• Abstract: Looking into Eurasia : the year in politics provides some keys to understand the events and phenomena that have left their imprint on a region that has undergone major mutation since the fall of the Soviet Union in 1991: the post-soviet space. With a cross-cutting approach that is no way claims to be exhaustive, this study seeks to identify the key drivers, the regional dynamics and the underlying issues at stake
  • Topic: Conflict Resolution, Corruption, Crime, Economics, Globalization, Human Rights, Nationalism, Political Economy, Natural Resources, Territorial Disputes, Global Markets, Finance, Europeanization, Memory, Borders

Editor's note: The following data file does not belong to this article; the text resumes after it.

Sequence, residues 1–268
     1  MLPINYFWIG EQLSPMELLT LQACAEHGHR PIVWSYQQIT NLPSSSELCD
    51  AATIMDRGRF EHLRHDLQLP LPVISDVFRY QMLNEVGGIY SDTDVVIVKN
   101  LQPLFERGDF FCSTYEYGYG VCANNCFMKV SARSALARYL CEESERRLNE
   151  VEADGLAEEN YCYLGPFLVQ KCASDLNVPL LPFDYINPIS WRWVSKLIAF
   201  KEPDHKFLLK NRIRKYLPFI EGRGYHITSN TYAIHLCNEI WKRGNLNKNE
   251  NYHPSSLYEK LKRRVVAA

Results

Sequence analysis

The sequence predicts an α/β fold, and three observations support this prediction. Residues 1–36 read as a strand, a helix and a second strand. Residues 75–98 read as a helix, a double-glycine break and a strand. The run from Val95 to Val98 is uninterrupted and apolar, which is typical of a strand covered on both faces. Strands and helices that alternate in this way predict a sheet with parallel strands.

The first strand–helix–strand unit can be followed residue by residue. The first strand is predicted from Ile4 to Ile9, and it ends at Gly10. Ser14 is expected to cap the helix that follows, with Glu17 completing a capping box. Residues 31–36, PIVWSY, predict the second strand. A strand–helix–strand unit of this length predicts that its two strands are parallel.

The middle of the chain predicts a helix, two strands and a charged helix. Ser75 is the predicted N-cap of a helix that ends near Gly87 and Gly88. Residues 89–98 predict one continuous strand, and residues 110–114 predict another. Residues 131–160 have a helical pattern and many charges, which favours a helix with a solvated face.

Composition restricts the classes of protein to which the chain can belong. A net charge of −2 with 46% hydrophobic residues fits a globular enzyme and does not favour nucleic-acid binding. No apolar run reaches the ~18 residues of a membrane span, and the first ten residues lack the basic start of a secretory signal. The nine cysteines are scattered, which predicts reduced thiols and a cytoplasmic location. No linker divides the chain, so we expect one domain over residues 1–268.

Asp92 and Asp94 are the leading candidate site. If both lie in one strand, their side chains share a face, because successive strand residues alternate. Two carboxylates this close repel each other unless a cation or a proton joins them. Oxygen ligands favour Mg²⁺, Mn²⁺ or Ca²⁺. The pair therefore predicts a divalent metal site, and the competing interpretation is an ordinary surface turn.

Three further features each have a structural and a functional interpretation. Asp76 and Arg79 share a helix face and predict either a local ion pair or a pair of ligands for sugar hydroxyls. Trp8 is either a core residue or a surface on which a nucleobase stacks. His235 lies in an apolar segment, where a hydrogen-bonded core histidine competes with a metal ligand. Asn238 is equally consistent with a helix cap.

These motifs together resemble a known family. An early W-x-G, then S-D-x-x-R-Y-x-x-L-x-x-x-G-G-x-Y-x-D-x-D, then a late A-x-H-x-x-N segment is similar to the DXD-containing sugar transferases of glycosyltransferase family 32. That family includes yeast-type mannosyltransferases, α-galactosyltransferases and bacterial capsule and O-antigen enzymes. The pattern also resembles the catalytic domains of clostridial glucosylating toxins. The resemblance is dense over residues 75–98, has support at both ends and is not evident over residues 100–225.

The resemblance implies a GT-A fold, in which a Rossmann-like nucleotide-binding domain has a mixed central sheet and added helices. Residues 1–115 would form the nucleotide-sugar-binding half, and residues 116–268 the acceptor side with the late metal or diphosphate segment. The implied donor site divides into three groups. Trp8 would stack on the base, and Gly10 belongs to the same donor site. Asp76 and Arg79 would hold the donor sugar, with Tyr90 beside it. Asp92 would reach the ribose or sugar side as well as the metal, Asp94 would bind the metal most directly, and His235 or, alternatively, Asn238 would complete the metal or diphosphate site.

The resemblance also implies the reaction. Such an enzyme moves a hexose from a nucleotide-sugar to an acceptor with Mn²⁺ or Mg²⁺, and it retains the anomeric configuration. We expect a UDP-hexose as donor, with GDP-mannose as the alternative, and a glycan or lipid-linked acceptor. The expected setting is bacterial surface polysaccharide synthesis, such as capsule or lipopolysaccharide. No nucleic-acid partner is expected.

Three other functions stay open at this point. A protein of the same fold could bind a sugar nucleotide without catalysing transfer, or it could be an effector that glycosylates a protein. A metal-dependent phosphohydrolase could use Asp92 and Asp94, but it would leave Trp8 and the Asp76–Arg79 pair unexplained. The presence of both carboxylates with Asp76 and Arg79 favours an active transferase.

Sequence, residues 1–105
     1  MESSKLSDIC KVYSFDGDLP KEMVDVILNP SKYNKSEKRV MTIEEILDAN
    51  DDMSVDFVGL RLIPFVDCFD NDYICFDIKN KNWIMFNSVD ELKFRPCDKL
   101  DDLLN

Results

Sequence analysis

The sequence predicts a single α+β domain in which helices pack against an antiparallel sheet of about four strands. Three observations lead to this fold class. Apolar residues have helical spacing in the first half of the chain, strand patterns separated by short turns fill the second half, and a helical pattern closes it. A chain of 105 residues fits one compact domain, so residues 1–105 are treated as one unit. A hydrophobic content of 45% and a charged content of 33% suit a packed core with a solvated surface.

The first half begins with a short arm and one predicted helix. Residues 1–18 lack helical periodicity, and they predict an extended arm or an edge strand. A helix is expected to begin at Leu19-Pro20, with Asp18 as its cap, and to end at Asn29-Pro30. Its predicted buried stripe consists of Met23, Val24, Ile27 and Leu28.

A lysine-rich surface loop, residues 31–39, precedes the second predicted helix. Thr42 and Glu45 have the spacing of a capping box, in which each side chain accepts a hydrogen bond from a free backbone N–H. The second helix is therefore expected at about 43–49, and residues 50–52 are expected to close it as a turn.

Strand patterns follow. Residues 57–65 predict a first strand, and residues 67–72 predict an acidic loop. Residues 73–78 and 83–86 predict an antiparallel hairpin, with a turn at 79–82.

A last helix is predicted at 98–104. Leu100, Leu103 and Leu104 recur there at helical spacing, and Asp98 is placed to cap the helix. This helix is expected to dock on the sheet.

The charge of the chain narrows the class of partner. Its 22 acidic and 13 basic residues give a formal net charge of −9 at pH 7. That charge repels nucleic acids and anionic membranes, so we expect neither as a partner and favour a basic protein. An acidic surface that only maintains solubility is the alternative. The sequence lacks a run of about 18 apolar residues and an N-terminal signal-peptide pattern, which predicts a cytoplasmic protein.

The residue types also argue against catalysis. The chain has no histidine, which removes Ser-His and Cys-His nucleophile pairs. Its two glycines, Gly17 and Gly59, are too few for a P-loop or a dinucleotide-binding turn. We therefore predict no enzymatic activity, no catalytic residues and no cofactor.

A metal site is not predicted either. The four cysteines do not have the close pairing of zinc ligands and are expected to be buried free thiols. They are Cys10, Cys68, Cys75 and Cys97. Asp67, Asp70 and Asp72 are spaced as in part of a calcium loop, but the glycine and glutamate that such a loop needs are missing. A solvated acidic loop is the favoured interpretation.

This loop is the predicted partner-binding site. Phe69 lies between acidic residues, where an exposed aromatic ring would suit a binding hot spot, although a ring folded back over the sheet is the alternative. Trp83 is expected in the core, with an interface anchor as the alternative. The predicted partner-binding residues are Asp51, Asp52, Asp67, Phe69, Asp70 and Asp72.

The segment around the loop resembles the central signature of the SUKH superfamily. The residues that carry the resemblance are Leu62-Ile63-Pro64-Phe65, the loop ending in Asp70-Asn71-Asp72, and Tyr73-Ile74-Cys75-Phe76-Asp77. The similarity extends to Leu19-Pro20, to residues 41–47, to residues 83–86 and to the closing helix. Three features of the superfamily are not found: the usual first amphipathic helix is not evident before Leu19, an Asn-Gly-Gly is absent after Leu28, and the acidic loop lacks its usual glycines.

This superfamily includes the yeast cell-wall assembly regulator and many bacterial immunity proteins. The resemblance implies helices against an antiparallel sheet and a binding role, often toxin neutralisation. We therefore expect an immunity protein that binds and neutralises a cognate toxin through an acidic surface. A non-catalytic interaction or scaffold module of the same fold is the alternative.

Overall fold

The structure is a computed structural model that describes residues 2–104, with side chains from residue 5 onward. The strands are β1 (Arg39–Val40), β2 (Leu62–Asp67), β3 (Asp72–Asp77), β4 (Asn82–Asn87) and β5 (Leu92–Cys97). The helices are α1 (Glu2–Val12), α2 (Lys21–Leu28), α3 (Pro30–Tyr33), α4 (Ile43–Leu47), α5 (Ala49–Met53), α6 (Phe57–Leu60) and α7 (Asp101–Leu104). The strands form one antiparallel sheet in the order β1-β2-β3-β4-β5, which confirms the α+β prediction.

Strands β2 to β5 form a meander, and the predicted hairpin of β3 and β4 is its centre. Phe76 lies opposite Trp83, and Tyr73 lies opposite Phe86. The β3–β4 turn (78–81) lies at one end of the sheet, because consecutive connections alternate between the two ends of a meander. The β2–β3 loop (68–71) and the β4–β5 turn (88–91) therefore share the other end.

• Political Geography: Russia, Caucasus, Kazakhstan, Kyrgyzstan, Uzbekistan, Azerbaijan, Hungary, Turkmenistan, Georgia, Czech Republic, Slovakia, Belarus, European Union
  • Author: Junko Nozawa, Melissa Lefas
  • Publication Date: 10-2018
  • Content Type: Special Report
  • Institution: Fourth Freedom Forum